This investigation deals with some flexural fatigue and abrasion studies of Kevlar-29, glass and carbon fibres. The test methods included in the study are fatigue by pure flexing, buckling and rotation over a wire, and abrasion by rubbing against a rotating rod. Kevlar-29 fibres were found to perform well in these tests because they could survive the relatively high bending strains by yielding in axial compression. Carbon and glass fibres, although unable to survive at these high strains, did perform well when very low bending strains and tensions were used. Kevlar-29 fibres were found to be less abrasion-resistant than glass fibres, probably because of their low radial strength. The fracture morphologies of Kevlar-29 fibres in nearly all these tests showed axial splitting, confirming indications of low strength in the fibre perpendicular to its axis.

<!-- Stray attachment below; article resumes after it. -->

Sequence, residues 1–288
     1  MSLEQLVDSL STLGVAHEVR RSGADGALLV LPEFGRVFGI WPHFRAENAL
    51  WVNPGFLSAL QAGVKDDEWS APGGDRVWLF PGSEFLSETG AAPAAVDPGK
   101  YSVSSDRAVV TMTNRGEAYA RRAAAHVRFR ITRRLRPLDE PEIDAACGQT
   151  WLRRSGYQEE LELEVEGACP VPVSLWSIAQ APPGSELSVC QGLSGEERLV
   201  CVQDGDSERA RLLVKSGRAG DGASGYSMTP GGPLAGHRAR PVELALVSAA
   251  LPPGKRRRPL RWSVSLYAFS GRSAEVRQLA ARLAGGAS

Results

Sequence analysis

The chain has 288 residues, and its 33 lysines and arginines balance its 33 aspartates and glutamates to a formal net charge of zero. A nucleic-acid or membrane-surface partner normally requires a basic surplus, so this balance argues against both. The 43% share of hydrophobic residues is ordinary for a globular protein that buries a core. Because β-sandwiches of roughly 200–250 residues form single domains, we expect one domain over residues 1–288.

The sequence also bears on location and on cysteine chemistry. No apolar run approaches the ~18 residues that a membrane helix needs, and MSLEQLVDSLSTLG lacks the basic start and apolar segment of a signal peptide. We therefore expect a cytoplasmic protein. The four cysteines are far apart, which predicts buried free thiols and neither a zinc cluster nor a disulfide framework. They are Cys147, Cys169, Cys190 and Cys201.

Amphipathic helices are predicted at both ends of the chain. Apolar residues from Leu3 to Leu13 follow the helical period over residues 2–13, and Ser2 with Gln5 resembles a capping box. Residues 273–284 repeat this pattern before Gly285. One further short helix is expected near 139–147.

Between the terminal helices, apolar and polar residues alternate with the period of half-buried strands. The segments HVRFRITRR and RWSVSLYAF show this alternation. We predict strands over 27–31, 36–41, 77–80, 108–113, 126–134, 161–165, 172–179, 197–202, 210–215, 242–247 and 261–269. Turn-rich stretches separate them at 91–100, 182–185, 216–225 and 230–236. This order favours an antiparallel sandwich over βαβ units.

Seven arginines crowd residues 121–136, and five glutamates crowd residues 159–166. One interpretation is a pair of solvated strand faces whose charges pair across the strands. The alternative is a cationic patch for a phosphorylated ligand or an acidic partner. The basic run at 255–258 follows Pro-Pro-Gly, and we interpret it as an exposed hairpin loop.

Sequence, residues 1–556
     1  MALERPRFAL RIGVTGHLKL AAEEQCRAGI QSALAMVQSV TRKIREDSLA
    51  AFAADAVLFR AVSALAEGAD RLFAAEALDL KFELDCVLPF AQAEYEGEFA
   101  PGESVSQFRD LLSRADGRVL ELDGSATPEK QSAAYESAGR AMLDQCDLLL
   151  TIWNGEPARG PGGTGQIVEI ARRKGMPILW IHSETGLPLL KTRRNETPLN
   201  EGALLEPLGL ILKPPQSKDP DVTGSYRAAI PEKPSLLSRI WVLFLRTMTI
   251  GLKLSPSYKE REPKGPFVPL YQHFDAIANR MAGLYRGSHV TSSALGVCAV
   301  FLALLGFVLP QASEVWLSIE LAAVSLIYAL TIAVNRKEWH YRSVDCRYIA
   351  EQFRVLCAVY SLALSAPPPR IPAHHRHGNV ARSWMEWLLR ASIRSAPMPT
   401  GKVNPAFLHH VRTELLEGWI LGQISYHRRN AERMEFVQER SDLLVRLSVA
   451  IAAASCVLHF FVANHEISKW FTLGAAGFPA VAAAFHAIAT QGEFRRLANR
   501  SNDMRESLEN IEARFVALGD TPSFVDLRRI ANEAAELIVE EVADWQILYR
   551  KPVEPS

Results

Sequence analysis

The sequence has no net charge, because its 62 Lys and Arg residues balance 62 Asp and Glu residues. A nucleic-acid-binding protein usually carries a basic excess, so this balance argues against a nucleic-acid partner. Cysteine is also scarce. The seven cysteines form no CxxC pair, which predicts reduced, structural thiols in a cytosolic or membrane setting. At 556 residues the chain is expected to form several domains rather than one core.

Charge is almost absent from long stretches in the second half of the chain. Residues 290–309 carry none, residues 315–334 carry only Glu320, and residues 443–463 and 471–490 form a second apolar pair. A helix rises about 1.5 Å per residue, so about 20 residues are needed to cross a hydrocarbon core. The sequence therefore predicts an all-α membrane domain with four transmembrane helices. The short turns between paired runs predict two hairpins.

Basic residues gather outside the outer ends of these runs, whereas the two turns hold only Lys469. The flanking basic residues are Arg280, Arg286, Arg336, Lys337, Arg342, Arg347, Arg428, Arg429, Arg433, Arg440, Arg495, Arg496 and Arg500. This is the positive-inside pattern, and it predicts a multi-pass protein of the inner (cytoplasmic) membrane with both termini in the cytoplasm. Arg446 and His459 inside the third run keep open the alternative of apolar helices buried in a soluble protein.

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A. R. Bunsell,J. Mater. Sci. 10 (1975) 1300.
J. W. S. Hearle andL. Konopasek, to be published.
B. C. Jariwala, Ph.D. Thesis, University of Manchester, 1974.
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S. F. Calil, Ph.D. Thesis, University of Manchester, 1977.
J. W. S. Hearle andB. S. Wong,J. Phys. E. to be published.
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Hearle, J.W.S., Wong, B.S. Flexural fatigue and surface abrasion of Kevlar-29 and other high-modulus fibres. J Mater Sci 12, 2447–2455 (1977). https://doi.org/10.1007/BF00553932
- Carbon Fibre
- High Strain
- Glass Fibre